FWC officer recalls favorite photos

July 13, 2012

Florida Fish and Wildlife Conservation Commission biologist Adam Warwick holds a 375-pound male black bear’s head above water as he guides the tranquilized animal back to shore. The bear was wandering through the Florida Panhandle beachfront neighborhood of Alligator Point and started swimming in Gulf water after being hit by the dart. FWC staff and bystanders used a borrowed backhoe to lift the uninjured animal from the water so it could be transported to the Osceola National Forest in North Central Florida and released. Photo courtesy FWC

From the FWC – Doing the unexpected
by Stan Kirkland, FWC

Many of us have our favorite photographs and remembrances of people and wildlife. Sometimes the unbelievable happens and the images are all the more unforgettable.

I’ve seen a lot of photographs over my career but my favorite is of co-worker and Florida Fish and Wildlife Conservation Commission (FWC) wildlife biologist Adam Warwick saving a drugged 375-pound male black bear from certain drowning in the Gulf of Mexico at Alligator Point. The date was June 28, 2008.

“It was the afternoon and I hadn’t been home long when I got a call from dispatch that a bear was hanging around some homes on Alligator Point,” Warwick remembers. “This was a big bear; he’d been getting into garbage cans and was moving around in the daytime. We had moved him from Eglin Air Force Base to the (Apalachicola) National Forest and I knew he needed to be moved again.”

Florida Fish and Wildlife Conservation Commission staff and bystanders load a tranquilized be into a borrowed backhoe after the animal was pulled from Gulf waters by FWC biologist Adam Warwick. The bear was roaming through the beachfront neighborhood in Alligator Point, a small community in the Florida Panhandle and wandered into the Gulf waters after being hit by a tranquilizer dart. The uninjured animal was relocated to  Osceola National Forest in North Central Florida. Photo courtesy FWC.

Rather than set a trap, Warwick said they darted the bear on the ground. Then, the unexpected happened – the bear headed to the Gulf.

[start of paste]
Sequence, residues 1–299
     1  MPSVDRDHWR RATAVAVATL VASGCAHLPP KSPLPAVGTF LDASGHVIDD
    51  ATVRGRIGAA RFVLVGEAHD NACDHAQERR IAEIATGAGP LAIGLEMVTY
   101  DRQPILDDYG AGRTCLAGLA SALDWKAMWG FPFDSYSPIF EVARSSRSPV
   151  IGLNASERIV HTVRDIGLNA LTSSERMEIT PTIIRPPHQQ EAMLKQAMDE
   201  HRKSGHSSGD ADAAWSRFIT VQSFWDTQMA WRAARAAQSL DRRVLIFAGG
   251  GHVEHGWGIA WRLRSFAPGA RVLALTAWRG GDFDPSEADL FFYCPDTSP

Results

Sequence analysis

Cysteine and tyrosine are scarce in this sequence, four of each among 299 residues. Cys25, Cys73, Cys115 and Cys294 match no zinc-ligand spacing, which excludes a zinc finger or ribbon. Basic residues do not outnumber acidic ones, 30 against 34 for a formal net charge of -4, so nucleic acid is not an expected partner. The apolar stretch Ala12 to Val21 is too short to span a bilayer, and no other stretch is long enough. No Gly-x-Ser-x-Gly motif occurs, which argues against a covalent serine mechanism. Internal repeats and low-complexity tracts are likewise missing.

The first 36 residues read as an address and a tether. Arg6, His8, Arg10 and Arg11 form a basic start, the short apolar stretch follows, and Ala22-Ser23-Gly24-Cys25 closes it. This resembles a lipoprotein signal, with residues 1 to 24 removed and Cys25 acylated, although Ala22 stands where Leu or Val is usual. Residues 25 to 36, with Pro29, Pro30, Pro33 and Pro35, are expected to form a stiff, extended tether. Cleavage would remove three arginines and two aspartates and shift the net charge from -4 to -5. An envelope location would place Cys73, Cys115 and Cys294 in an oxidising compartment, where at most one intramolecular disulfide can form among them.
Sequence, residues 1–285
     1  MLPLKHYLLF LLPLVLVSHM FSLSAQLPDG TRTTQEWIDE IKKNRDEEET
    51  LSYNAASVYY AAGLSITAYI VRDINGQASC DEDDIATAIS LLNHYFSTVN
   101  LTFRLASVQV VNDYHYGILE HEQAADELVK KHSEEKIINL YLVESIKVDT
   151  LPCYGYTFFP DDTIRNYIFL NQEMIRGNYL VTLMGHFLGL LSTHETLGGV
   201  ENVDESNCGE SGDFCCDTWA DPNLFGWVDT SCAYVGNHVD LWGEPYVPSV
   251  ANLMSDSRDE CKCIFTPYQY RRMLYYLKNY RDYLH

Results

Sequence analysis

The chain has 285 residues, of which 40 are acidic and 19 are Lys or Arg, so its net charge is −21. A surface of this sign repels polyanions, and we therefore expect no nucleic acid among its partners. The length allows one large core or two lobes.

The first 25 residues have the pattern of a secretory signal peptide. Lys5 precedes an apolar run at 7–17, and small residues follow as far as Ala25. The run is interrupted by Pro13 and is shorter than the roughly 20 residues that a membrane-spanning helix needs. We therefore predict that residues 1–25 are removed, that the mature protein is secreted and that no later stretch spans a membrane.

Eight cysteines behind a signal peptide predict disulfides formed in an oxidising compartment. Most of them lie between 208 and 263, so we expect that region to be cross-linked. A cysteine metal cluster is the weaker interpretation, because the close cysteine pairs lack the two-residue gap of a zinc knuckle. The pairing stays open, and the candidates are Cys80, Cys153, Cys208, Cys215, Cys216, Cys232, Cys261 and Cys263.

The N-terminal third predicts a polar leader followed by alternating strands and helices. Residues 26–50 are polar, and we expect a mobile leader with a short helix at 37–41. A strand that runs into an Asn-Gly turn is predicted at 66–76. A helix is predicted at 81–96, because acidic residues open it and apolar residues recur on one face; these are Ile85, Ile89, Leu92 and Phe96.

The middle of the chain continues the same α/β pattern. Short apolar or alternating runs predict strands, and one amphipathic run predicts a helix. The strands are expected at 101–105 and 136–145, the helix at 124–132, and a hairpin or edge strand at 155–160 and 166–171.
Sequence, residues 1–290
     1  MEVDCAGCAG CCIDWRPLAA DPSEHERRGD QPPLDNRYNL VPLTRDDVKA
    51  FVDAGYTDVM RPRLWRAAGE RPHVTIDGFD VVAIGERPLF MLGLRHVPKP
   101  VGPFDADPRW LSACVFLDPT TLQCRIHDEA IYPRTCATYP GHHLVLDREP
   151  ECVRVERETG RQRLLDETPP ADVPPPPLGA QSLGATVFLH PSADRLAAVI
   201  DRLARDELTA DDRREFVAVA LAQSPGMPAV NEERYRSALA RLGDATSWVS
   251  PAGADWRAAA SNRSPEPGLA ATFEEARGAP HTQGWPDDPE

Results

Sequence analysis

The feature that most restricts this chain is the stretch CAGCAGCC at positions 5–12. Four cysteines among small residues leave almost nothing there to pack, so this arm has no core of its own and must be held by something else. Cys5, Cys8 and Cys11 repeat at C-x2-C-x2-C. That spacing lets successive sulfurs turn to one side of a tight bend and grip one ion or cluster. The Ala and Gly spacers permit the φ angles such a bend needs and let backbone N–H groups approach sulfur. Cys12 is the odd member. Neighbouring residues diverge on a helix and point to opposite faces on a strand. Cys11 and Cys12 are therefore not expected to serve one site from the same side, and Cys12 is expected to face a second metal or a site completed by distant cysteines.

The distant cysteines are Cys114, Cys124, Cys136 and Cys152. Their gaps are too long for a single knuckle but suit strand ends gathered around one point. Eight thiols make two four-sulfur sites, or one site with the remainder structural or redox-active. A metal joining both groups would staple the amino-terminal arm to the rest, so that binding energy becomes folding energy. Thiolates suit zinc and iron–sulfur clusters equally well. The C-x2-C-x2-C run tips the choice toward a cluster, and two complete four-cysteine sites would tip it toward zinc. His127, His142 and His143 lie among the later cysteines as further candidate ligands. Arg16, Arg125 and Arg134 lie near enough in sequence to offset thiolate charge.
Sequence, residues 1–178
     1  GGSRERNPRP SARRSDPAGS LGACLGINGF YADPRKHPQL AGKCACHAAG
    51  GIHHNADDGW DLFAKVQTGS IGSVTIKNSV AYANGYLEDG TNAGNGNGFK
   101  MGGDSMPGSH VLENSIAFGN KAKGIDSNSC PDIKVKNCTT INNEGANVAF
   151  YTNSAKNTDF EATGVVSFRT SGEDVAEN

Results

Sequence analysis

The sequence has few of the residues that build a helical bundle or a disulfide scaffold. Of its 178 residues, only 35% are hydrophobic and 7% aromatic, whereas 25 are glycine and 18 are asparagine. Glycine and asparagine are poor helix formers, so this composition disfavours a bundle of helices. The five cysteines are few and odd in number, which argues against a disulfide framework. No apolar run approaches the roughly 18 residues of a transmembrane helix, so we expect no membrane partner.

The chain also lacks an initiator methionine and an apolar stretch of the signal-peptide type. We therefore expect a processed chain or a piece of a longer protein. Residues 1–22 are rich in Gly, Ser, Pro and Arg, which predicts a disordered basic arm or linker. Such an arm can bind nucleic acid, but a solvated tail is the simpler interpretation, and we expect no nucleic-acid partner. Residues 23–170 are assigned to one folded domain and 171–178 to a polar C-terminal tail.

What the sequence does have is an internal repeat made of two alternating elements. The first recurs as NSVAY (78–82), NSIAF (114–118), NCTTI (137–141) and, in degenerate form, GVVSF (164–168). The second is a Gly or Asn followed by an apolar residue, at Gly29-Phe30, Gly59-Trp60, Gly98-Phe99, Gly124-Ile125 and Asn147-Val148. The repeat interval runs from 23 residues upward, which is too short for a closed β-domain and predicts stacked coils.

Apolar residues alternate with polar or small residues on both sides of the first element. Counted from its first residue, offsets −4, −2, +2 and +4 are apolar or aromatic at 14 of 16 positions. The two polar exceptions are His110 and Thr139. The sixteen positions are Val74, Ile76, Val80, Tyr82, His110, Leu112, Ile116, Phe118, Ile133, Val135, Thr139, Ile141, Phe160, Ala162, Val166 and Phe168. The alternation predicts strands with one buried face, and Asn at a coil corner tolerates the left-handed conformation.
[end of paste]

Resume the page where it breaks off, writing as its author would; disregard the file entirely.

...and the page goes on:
“I saw him stumble and I knew he’d never make the four-mile swim to the mainland. He would have drowned,” Warwick said.

Warwick ripped his shoes and work shirt off and hit the water to get in front of the groggy bear and turn him back to land. Roughly 40 yards offshore, Warwick watched as the bear’s head went in the water, then the bruin reared up on his hind legs and then fell over backward. The immobilization drug had taken effect.

Warwick got behind the bear, grabbed him by the scruff of the neck, got his head above water, and headed back to the bank with him in front of a gathering crowd.

“It was just a spur-of-the moment thing,” Warwick recalls. “I didn’t think about getting hurt. I just reacted.”

FWC Officer Travis Huckeba and a bystander approached with a boat to help but that startled the bear and they were forced to back away. Buoyed by the water, Warwick got the bear to shore. A local resident got a backhoe and they got the bear out of the water and to an FWC truck.

Later that evening, the bear was relocated to a remote area of the Osceola National Forest, near Lake City, and released.

Warwick came out of the event with some cuts to his feet from stepping on barnacle-encrusted chunks of concrete and one scratch from the bear’s claws.

When news of Warwick’s action hit the media, calls and requests for interviews poured in from around the United States, Europe and even Israel. Several women even made marriage proposals. Warwick, who is married and has a family, laughs about that part.

FWC commissioners later recognized Warwick for his heroic actions.